As a Medicare recipient with Part D coverage, understanding the difference between “generic” and “brand name” drugs is key. In fact, it can sometimes mean the difference between securing affordable prescriptions and paying too much out-of-pocket. Do generic drugs work the same as brand name versions? Are they always less expensive? If you’re wondering what the difference is between the two, here’s some important information to keep in mind when choosing your medications with your doctor.
What is a Brand Name Drug?
Brand name medication is given the name brand name because it is the first of its kind, and therefore, gets to “brand” the name. But being first isn’t easy—there are millions of dollars and research hours invested in each new medication. In addition to research, new drugs must pass strict Food and Drug Administration (FDA) standards for safety and use. Dosage amounts are determined based on testing that identifies the strength and purity of the drug. When all tests have been administered, the FDA grants approval and the manufacturing company is given a patent, along with the right to name its new drug.
What is a Generic Drug?
Once the patent on a brand name drug expires, manufacturers are allowed to create and sell generic versions of the original compound. However, the FDA requires that the generic version of a drug contain the exact same active ingredients as the original. And, in addition to being delivered in the same form (liquid, pill, capsule, injectable or topical) generic drugs must be the same in dosage, safety, effectiveness, strength, stability and quality. Basically, generic medicines must work the same as brand name medicines. Here’s where it gets confusing: generic drugs do not have to have the same inactive ingredients as the original. That means that preservatives and fillers may differ.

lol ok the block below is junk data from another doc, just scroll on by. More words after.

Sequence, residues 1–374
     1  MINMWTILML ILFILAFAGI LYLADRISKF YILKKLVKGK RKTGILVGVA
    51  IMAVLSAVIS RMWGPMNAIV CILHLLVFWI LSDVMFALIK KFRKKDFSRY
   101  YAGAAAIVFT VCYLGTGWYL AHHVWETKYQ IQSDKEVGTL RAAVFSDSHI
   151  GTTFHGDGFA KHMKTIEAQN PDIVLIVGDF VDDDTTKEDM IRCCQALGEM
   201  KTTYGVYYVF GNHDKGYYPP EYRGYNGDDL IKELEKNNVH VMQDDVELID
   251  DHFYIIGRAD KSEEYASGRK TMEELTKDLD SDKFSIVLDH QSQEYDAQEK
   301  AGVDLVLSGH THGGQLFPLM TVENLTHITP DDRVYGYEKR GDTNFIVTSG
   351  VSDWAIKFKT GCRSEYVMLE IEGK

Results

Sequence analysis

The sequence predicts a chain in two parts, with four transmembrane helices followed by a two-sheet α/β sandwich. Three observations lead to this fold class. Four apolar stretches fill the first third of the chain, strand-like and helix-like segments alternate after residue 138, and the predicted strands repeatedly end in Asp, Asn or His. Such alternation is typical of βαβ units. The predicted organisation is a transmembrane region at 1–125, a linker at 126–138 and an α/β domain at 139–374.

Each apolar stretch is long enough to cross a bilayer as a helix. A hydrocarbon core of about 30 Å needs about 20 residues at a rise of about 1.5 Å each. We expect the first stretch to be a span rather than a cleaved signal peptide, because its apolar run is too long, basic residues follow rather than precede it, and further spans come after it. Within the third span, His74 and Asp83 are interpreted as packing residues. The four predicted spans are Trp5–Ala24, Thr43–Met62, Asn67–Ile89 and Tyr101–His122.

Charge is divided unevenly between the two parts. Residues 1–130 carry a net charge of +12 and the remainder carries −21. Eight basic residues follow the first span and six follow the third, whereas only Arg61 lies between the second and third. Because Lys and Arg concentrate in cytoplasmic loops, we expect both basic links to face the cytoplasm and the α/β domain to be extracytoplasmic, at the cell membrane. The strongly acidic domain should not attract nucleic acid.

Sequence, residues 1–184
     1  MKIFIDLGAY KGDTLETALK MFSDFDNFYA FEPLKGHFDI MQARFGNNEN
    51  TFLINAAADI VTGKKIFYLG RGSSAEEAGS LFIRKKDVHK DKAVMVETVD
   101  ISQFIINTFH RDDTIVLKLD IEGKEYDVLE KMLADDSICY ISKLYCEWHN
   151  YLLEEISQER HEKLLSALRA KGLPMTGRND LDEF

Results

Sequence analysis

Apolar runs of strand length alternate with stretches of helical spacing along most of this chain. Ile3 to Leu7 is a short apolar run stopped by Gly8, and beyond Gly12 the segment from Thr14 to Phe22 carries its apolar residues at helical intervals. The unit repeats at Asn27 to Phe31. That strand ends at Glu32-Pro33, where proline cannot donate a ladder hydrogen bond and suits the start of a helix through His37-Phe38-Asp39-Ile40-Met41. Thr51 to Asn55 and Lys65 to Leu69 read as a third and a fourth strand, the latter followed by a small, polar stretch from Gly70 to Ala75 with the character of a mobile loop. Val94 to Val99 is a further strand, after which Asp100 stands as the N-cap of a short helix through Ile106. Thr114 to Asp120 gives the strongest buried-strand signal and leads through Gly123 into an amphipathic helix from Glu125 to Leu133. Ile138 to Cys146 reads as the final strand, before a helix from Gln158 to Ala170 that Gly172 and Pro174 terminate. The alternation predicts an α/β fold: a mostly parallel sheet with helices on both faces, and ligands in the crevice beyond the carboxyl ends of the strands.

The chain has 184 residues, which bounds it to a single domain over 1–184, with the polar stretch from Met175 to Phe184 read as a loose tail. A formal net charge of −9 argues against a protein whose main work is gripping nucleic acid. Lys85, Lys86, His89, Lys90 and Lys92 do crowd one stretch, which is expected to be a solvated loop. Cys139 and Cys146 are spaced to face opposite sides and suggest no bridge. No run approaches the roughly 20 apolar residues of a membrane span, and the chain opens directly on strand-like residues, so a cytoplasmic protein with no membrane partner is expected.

Why Generic Drugs Usually Cost Less
As you likely already know, generic drugs are often far less expensive than the brand name versions. The reason is simple. Generic drugs do not have to go through extensive years of testing and costly research before they can be put on the market. Since the cost to produce a generic drug is less, the cost passed on to the consumer is usually less too. The more versions available of a brand name drug, the lower the cost. And that’s why most prescriptions today are filled using generic versions of far more costly medications.
Using generic versions of brand name drugs can save you money—often between 30 and 80 percent of the total cost. Be sure to speak with your doctor about any medications you currently take and if there are any opportunities for potential savings.
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